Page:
As it turns out, he was partially right. A durian lover would describe the same experience to relishing a spoonful of crème brulee. For in the same way that cheese has left a divisive trail in the West, so too has the durian been the topic of many a post-prandial debate in Asia. With the spiky and hard husk that renders it almost impossible to crack open, one might even wonder if it was meant for human consumption at all. But devotees would go out on a limb for their durian hit, some likening its taste to butterscotch, hazelnut or even chocolate. Detractors would be quick to disagree, comparing the notorious pungent odour to rotten carcass, blue cheese or even a combination of gym socks and onion. Like it or not, the durian (pronounced “turian” in Thai) is here to stay; its popularity hitting its peak as young entrepreneurs enthusiastically hatch inventive ways for consumers to enjoy them.
Durian — a Melayu term for “thorn” — is found in abundance in South-east Asia, including Malaysia, Indonesia, the Philippines and Thailand. There are countless ways this bittersweet fruit is savoured, but in the Land of Smiles, nothing beats having this fruit on the kitchen table where, like a bottle of fine Bordeaux, it’s enjoyed among a close circle of friends, paired with a warm conversation that goes on well into the night.
As far back as 17th century, the fruit was already gaining fans among foreigners. Jacques de Bourges, one of the first missionaries to arrive in Ayutthaya (Siam’s former capital) in 1662, wrote of the durian: “The flesh is as white as snow, exceeds in delicacy of taste all our best European fruits, and none of ours can approach it.”
Simon de la Loubère, the French ambassador to the Kingdom of Siam, also wrote in 1687 how the “durion” or “tourien” is well known in the region and how he’d tasted a variety from one of the numerous orchards along the banks of the Chao Phraya River. In the 17th century, this part of Bangkok was the centre of durian cultivation.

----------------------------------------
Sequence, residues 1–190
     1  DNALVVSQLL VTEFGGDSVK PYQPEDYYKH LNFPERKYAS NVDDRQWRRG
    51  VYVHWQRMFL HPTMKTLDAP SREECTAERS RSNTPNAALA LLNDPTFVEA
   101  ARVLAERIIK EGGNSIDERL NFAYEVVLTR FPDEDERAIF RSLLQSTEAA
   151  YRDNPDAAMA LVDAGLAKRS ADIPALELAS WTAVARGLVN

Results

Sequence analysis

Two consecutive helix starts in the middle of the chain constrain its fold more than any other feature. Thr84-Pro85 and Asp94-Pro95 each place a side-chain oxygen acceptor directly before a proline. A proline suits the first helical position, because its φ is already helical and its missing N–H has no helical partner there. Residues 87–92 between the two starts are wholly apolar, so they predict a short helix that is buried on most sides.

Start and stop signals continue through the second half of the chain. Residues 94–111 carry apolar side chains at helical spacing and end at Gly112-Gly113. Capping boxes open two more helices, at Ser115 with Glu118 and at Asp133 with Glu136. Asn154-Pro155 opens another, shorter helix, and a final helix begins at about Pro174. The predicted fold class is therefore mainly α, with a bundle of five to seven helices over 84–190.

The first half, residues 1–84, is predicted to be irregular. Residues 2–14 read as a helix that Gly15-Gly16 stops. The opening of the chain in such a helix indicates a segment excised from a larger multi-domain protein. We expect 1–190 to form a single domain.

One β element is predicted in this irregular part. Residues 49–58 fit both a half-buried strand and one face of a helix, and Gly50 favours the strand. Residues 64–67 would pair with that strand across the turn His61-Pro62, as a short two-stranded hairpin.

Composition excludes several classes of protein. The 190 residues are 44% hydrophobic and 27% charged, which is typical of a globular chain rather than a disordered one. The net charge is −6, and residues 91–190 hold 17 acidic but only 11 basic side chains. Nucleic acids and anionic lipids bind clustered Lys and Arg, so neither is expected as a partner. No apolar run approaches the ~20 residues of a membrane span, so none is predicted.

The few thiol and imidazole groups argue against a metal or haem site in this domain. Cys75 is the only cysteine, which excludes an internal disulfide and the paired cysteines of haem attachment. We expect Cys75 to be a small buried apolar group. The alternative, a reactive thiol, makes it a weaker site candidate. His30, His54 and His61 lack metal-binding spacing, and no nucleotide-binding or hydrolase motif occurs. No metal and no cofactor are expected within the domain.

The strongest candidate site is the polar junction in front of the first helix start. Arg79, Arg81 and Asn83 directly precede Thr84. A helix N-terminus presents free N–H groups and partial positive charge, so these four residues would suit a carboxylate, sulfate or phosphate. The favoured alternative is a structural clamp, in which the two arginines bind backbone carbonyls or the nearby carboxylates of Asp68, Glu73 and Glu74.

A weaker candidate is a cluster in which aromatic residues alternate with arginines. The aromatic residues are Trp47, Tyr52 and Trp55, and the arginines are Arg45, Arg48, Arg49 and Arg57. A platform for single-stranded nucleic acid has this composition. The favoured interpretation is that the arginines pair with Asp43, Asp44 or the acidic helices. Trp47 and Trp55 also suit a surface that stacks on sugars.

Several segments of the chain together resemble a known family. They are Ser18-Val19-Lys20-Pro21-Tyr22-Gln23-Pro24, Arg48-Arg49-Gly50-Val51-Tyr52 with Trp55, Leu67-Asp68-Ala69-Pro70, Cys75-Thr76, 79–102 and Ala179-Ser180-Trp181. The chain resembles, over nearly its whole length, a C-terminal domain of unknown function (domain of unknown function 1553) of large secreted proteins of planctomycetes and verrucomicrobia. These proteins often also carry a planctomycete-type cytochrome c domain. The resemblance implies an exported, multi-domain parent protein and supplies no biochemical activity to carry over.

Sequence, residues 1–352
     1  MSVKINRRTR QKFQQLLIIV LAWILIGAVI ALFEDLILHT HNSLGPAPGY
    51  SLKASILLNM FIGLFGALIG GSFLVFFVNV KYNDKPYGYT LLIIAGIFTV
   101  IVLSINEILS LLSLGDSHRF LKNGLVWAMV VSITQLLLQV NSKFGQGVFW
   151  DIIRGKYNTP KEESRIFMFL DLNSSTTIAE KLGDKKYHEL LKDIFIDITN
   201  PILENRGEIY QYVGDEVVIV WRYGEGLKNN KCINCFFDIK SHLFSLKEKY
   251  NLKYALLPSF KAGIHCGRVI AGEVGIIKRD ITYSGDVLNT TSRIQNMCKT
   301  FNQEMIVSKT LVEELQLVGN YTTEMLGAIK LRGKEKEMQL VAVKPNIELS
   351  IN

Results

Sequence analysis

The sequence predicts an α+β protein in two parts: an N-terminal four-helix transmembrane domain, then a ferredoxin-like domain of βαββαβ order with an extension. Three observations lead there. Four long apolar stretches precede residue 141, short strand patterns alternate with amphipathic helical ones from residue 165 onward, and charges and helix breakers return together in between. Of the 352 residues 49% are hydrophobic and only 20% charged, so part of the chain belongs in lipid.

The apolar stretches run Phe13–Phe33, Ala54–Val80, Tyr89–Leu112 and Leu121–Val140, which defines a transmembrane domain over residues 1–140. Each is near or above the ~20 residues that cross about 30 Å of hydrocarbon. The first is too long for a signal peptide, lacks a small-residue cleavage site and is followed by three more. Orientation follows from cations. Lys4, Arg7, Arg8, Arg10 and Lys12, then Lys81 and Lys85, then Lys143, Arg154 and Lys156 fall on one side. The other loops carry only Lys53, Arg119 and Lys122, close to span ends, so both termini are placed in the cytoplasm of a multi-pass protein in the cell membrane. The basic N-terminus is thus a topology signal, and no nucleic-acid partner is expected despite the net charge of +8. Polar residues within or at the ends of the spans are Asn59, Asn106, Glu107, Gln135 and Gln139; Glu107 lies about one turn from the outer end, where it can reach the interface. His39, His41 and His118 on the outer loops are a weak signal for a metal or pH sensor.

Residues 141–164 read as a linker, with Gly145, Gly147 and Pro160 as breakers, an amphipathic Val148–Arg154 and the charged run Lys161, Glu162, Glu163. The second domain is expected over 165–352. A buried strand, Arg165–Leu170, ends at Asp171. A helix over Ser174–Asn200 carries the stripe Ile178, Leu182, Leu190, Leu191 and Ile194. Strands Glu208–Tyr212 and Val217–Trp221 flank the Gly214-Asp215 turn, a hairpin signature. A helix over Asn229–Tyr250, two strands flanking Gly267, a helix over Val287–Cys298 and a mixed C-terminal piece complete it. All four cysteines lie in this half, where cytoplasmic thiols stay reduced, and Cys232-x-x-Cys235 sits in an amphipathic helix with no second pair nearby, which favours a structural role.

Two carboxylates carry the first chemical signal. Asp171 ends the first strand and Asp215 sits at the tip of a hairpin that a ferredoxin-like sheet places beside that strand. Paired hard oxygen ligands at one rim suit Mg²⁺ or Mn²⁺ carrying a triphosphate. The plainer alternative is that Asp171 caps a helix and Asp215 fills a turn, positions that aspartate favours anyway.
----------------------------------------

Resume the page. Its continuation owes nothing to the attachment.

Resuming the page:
Today, the southern provinces of Chanthaburi, Rayong and Chumpon now grow nearly 90% of Thailand’s durian.
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The Big Four
234. That’s how many known durian varieties there are in Thailand. It’s no wonder then that Thailandis the world’s largest exporter of these so-called “crème brulee on trees”. It would take years to taste them all, but for first-timers, start off with the big five.
Monthong literally means “golden pillow” in Thai, but this is one pillow you wouldn’t want to lay your head on. It’s the largest of the five most popular breeds in Thailand and is characterised by triangular spikes and pale yellow flesh that’s the sweetest of them all.
Gaan Yao or “long stem” durian is more rounded with smaller thorns and originates in Nonthaburi Province where the trees thrive in the lowlands by the river. It’s loved for the well-balanced flavours combining sweet and creaminess, and is the most expensive. A Gaan Yao recently fetched 270,000 Baht (US$8,400) at an auction. This variety is so favoured that it is even used as a durian bribe by ambitious Thai businessmen to sweeten deals.
The more circular Chanee variety, which means “gibbon” in Thai, is home to golden yellow segments of goodness that are less meaty than the Monthong, but definitely more fragrant and rich. Experts say the best way to choose which segment to put in your mouth is to find one that most resembles a smile.
It’s easy to guess the size of the Gradoomthong variety once you realise the name translates into Thai as “golden button”. Weighing an average of only 1kg, this variety is easy to consume, as the smaller segments aren’t as sloppy to eat as the more meaty varieties.
There’s no right or wrong when choosing which durian to purchase as long as you give it the press test. With permission from the vendor, place your finger on the durian and give it a gentle squeeze.